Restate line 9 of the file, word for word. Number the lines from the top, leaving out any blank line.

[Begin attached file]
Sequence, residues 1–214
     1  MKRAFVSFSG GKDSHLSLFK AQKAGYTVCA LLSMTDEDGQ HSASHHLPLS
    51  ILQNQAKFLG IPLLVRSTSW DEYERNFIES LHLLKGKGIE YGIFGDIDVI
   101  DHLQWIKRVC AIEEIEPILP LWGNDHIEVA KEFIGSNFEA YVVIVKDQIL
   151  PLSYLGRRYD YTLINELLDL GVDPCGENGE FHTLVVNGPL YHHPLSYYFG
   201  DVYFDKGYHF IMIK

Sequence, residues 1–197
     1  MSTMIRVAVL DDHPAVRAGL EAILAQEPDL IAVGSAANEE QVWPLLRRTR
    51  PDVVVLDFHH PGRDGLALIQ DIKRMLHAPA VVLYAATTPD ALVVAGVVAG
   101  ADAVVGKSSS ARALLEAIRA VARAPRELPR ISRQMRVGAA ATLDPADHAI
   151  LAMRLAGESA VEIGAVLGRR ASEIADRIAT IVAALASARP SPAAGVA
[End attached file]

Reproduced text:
    51  PDVVVLDFHH PGRDGLALIQ DIKRMLHAPA VVLYAATTPD ALVVAGVVAG